Professional Spotlight: Phil Slaght
What has your experience with Aurora been like since joining?
Energizing comes to mind first. While I had a consulting practice of my own prior to joining the firm, I was in my own world since I was a one-man shop. Since coming to Aurora, I have had the opportunity to meet and work with some very talented people at the firm, as well as working closely with our clients. It sounds corny but immersing yourself in challenges and helping clients develop and implement solutions is invigorating. It’s similar to the challenge of competition.
What do you like most about Aurora?
The people. In the short time here, I have built many friendships with colleagues with varying backgrounds and experiences. The talent and diversity in experience that the firm brings to any engagements allows the firm to be flexible to the challenges our clients face. The ability to be agile when evaluating client issues is critical to success. The diversity of Aurora’s talent allows us to address client needs across a wide range of issues.
How did you get involved within this Industry?
Prior to joining Aurora, I had my own consulting practice. I was engaged by a client as Interim CFO, and quickly determined that I needed to take a turnaround approach with the client. It was a challenge that allowed me to get involved in every aspect of the company. While the work was difficult, and at times trying, I found that I enjoyed the challenges. There was something different to deal with daily, and sometimes more often.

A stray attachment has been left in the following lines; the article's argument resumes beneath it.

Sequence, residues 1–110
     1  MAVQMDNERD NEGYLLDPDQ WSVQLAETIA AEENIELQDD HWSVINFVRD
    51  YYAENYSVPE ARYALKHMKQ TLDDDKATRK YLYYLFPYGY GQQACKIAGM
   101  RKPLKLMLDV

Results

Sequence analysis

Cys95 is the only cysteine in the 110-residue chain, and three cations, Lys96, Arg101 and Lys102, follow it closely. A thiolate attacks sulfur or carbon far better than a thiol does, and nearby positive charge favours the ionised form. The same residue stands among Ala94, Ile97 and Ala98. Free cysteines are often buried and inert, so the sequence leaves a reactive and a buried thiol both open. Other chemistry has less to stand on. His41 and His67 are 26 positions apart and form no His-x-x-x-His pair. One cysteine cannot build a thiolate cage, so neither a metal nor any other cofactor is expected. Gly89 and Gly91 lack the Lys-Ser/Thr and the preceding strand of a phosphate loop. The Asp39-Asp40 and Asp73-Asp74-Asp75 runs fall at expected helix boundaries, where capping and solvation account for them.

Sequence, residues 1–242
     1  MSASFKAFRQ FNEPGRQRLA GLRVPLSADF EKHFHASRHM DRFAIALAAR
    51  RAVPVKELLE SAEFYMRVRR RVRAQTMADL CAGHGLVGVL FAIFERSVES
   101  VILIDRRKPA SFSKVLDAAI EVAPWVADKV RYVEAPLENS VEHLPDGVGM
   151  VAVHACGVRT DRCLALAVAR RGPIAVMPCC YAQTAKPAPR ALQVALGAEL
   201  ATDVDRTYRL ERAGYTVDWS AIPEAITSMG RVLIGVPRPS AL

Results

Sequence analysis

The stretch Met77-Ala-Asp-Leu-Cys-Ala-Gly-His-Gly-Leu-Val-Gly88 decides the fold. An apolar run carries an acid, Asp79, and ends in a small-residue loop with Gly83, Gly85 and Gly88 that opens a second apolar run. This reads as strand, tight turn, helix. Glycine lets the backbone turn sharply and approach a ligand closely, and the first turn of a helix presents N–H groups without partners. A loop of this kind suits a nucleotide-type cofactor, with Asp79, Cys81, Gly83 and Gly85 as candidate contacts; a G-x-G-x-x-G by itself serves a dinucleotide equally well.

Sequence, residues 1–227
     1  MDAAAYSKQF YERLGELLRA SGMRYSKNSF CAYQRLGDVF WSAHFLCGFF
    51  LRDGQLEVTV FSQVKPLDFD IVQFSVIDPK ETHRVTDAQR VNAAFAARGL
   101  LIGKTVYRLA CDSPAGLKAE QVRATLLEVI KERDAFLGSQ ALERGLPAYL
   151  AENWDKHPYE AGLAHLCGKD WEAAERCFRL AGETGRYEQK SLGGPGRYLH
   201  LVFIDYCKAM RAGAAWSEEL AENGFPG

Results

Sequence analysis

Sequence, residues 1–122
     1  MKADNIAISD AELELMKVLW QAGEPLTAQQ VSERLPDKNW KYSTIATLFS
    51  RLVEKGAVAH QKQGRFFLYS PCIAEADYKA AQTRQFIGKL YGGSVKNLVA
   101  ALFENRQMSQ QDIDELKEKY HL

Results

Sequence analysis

What have been some of your more important or gratifying engagements?
The most important engagements have been assisting management, especially executive management, with understanding root cause and developing solutions. Too often, management gets stuck in the mud of everyday issues and loses sight of critical operational and strategic problems that are the underlying catalyst for their problems. Working closing with clients to understand issues, developing the solutions, and then implementing those solutions with success is the ultimate gratification. Simple example: Client could not understand why a certain product line was not making money. Their production system was not sophisticated enough to produce financial analysis at a product-by-product level. We developed a solution to extract data from different systems to be able to perform analysis at a product level. We determined they had several products that were making zero, and in some case less than zero, margin.
For someone starting out in the industry, what advice would you give?
Take time to listen to your clients. And listen intently. Too often, professionals will pontificate on their skills and experiences in order to impress or build confidence from a client, or potential client in the case of pitch meeting. We can be over eager to suggest solutions or ideas that should be vetted before we jump to conclusions. Spend time understanding the client’s issues, perspective, concerns and what they expect from an engagement. Sounds simple, but more often professionals want to get started and dive into financial reports and analyses. It is critical to connect with your client. The most effective way is by sitting down and listening.
What kinds of hobbies and interests do you have outside of work?
I grew up boating with my family on Lake Erie. My wife and I have a boat that we can cruise on and stay overnight at different ports. Our three boys are old enough now to help care for the boat and operate it. It is wonderful family time. I am a fan of most sports, and even though it is very frustrating, Cleveland’s sports teams. I golf poorly, but I figure is always good to make the client happy by letting them best me on the course.
Read a recent Industry Insight piece by Phil here